Program helping to give breast cancer patients a fighting chance

Brenda Morris
Brenda Morris
Dr. Anthony Dragun
Dr. Anthony Dragun
Dr. Anthony Dragun looked over x-rays.
Dr. Anthony Dragun looked over x-rays.

LOUISVILLE, KY (WAVE) - About a third of Kentucky women aren't getting the treatment care they need when fighting breast cancer. A new treatment protocol at the Brown Cancer Center is stretching dollars to give these under-served women a fighting chance.

Radiation Oncologist, Dr. Anthony Dragun is leading the way in the United States with a new treatment protocol that's beating cancer by decreasing radiation treatment sessions.

"To have an intervention that's going to impact cost and access was really what we wanted to do," Dr. Dragun said.

Radiation is the standard of care following an early stage breast cancer lumpectomy. Without it the patient's risk of a recurrence is 40 percent or higher.

Researching data in the state over a 10 year period, Dr. Dragun found that about a third of women weren't getting that critical follow up treatment and for surprising reason - 90 percent of the women had health insurance.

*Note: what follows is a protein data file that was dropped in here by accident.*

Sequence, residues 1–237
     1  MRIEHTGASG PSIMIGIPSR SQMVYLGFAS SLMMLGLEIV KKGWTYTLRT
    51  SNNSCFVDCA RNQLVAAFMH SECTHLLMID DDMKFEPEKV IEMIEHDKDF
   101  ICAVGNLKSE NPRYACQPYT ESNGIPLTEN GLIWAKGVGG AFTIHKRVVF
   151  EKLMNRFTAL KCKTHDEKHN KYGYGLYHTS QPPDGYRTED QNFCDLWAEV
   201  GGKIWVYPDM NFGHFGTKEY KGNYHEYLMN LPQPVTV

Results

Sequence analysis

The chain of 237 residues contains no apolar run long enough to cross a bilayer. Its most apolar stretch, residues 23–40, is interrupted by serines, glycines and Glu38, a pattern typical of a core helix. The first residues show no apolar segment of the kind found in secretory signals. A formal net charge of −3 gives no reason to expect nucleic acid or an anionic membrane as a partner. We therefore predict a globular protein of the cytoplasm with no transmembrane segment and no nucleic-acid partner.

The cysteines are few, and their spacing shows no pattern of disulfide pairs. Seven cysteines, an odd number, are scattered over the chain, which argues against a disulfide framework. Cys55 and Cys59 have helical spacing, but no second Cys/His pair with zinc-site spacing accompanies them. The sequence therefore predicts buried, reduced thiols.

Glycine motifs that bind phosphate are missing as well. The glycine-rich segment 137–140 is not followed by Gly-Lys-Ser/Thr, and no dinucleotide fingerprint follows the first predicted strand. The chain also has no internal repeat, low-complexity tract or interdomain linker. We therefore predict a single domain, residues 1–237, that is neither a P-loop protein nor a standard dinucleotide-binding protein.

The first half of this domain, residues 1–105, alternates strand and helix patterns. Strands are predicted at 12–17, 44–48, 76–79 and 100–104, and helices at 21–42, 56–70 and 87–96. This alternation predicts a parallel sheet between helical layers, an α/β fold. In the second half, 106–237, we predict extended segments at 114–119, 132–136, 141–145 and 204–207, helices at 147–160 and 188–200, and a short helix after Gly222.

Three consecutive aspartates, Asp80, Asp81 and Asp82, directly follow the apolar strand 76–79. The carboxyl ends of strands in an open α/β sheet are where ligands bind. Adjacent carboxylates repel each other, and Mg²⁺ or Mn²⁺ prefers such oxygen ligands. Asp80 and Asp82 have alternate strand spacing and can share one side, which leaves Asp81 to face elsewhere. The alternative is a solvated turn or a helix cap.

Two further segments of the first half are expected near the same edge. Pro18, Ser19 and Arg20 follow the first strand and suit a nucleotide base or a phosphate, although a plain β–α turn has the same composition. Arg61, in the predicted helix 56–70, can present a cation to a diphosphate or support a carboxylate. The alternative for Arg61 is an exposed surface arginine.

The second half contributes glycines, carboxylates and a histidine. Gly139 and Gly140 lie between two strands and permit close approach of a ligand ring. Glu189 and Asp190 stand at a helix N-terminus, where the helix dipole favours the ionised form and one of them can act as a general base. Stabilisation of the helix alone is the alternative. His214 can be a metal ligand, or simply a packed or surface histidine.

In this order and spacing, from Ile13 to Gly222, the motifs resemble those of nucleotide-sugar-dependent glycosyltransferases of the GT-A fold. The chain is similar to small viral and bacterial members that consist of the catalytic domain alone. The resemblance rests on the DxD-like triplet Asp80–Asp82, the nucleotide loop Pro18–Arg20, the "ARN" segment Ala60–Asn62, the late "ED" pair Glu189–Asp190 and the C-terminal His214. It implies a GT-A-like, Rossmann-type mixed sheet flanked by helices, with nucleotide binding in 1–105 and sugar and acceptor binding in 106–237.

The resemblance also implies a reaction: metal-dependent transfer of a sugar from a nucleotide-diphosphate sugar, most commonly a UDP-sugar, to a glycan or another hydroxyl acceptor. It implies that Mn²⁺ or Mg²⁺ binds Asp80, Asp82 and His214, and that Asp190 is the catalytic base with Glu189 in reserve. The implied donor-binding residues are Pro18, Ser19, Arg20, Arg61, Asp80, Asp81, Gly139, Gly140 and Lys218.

"Insurance doesn't necessarily mean access if gas if four dollars a gallon and you live 40 miles away from the nearest cancer center.  You gotta drive back and forth every day for six weeks" Dr. Dragun explained.

The access is also impacted by difficulties arranging child care and in this economy fearing a job loss if taking off too many days from work.

So Dr. Dragun introduced a protocol already practiced in the UK, Europe and Canada with great success. It's giving stronger treatments one time a week instead of the traditional 5 days a week.

Dr. Dragun points to improving technology allowing this to happen. With more direct, customized radiation therapy there are fewer side effects with even stronger doses.

Brenda Morris is part of a study of the protocol at Brown Cancer Center, now over two years out with 45 patients.

"I didn't have any vomiting, any nausea, I didn't have any peeling" Brenda said.

And longer studies, according to Dragun, "Show no greater risk of recurrence."

The patient also saves with fewer co-pays or out of pocket expenses and the insurance companies save too. "So any way to reduce the cost of therapy across the board is for everybody a good thing."

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